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Efficiency Amplified: A Three-Pronged Strategy for Unrivaled International Operations

last updated: November 1, 2023

Building successful international operations requires a three-step strategic approach: accurately diagnosing local demand, building operation with agility, and deploying a refined trial-and-error methodology in team recruitment.

Part 1: The Imperative of Accurate Local Demand Diagnosis

A recurrent misstep when companies venture internationally is presuming that simply expanding the sales team and infrastructure will make a regional operation perform similarly to other markets. It’s a grave error to believe that strategies which work elsewhere can be transplanted into these new markets.

Such an oversight inevitably leads to failure. Each international market is unique; each requires localized positioning and use cases. The unique cultural and socioeconomic factors mean that the fit of your product or service with potential customers’ lives will be different from other regions. Without a deep understanding of these nuances, success is elusive.

This point does not mean significantly altering your existing product. The imperative is making your product locally relevant through effective positioning, not materially changing your product.

Conversely, embracing an agile and entrepreneurial approach to demand identification is the key to outstanding returns on investment. You might achieve these results by, for example, using locally tailored explainer videos or other marketing materials to gauge responses. After all, sales funnels that convert require strong customer demand to pull prospects through your customer acquisition process.

Part 2: Constructing an Agile Operation

Multinational corporations often falter by aiming to make a grand entrance into international markets. While this strategy might work for universally recognized brands like Apple—an example where the local market eagerly awaits new products—it is ineffective for the majority of less famous brands and products.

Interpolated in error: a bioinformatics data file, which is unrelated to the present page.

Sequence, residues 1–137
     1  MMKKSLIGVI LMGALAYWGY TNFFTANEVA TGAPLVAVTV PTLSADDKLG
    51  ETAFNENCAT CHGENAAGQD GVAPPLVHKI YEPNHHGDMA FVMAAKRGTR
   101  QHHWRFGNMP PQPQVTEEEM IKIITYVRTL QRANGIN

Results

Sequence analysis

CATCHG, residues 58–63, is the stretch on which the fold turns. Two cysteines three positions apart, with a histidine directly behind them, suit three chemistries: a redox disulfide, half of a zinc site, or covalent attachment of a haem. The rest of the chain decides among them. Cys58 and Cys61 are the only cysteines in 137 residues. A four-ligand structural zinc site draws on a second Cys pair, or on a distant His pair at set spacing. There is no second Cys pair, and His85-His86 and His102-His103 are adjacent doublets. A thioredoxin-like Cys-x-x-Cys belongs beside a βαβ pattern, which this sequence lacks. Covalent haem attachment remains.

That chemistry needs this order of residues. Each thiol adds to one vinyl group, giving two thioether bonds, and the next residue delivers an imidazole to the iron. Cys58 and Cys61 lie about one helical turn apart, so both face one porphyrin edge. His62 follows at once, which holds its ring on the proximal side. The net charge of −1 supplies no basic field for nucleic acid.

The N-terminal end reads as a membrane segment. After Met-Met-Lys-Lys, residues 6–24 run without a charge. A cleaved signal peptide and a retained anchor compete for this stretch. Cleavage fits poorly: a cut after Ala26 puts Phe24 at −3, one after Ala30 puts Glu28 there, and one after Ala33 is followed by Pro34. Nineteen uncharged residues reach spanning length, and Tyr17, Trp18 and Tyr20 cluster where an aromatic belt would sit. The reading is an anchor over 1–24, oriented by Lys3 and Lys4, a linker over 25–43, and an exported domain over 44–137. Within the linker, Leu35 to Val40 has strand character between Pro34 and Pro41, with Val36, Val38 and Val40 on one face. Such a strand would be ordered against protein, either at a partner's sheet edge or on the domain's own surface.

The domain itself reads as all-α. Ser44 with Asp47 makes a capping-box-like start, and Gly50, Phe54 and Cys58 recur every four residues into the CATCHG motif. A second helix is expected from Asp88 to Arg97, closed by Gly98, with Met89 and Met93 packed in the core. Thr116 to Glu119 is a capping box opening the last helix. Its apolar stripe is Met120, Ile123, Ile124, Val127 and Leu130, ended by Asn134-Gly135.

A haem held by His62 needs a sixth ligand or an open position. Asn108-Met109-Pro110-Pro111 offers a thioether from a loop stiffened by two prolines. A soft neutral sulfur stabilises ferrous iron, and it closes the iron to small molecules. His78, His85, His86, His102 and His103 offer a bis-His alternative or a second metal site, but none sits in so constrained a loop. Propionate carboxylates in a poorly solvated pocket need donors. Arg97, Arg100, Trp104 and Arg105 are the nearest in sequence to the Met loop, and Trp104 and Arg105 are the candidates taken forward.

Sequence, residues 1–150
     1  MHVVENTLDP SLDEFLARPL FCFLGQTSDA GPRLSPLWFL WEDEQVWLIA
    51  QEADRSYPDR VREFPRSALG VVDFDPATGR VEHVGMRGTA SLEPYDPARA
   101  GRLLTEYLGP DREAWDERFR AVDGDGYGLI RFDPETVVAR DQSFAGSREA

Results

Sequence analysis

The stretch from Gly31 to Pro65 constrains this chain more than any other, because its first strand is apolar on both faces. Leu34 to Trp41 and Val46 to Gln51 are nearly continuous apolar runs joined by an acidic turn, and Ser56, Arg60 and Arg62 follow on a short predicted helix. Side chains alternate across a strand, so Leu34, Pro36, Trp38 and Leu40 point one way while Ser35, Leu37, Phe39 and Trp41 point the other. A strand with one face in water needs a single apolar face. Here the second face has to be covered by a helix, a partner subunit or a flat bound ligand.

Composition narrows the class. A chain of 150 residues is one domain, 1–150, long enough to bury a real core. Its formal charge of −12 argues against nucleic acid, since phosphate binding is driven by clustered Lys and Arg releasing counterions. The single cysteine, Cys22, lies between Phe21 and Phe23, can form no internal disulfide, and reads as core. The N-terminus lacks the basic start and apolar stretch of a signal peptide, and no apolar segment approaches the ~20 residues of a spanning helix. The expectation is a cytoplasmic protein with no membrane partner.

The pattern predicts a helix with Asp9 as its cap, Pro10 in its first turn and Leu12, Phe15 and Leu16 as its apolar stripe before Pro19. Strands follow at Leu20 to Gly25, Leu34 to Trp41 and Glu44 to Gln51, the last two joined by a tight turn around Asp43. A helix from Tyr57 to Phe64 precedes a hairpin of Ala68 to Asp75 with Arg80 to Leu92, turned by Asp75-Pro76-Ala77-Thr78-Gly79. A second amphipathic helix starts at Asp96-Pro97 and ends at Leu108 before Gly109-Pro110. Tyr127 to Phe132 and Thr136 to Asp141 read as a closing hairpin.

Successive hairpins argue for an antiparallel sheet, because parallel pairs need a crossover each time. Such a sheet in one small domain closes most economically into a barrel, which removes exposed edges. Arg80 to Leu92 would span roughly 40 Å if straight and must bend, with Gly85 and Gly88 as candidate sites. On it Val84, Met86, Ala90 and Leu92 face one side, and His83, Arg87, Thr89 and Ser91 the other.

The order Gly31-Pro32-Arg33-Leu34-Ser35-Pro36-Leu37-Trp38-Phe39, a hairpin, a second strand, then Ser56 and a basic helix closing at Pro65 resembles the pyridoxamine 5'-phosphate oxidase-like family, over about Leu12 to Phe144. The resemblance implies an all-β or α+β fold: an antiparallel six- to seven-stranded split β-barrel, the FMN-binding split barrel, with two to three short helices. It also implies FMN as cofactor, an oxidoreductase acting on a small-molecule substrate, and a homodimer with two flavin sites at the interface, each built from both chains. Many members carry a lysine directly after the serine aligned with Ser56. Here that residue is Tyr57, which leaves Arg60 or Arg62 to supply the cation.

A better course of action is to tailor your operation around the immediate demand that you pinpoint. Even if this approach results in a temporary backlog due to slower product or service delivery as you incrementally scale up your supply capacity, it is a better problem to have than maintaining an oversized, low-efficiency operation.

In practical terms, this approach involves identifying bottlenecks in the customer experience that can be managed appropriately based on output requirements. Steps might encompass distribution expansion, customer support enhancement, or altering the supply chain to curtail work in progress. By definition, since supply bottlenecks emerge only when there is demand for your product and they are impossible to fully anticipate, a demand-driven operating strategy is a necessity.

Part 3: Embracing the 80/20 Approach to Hiring

Hiring internationally can be more unpredictable than in your home market. Assessing potential employees based solely on their credentials, self-professed professional achievements, or predictive HR testing often falls short. Some prospects might be impressive on paper but underperform in practice. Moreover, you may find standout talents who lack pedigree but are driven to contribute meaningfully to your company’s long-term success.

This reality calls for a fail-fast approach to recruitment. While your goal is to hire the right individuals at the outset, you must be prepared to let many employees go quickly, especially in the early stages of your international operation. The most successful companies in the region often cycle through multiple hires for key roles before finding the right fit. When entering this market, a “hire-fast, fire-fast” approach is not just preferable, but essential. When a relatively large proportion of employees and managers inevitably don’t work out, moving on quickly is the right course of action. Others deserve the opportunity, and your operation’s success depends on it.

View your employees as yet another example of the 80/20 principle applying to the business world. 20% of your hires will yield 80% of your results. Or, alternatively, one in five of your hires internationally will be outstanding performers. Four out of five hires will likely be mediocre at best, no matter how much you attempt to implement HR “best practices.” To build a successful operation, the 80% of mediocre hires must be rapidly pruned away to make space for new talent. It may sound expensive. But acknowledging this reality allows you to reduce the recruitment cost per hire. Over time, you will accumulate winners on your payroll, cultivate a self-reinforcing culture of excellence, and achieve outstanding performance.

Adherence to this three-pronged strategy is a key aspect of achieving success internationally. By combining the power of these three fundamental principles, you dramatically improve your odds of generating attractive returns to your international investments.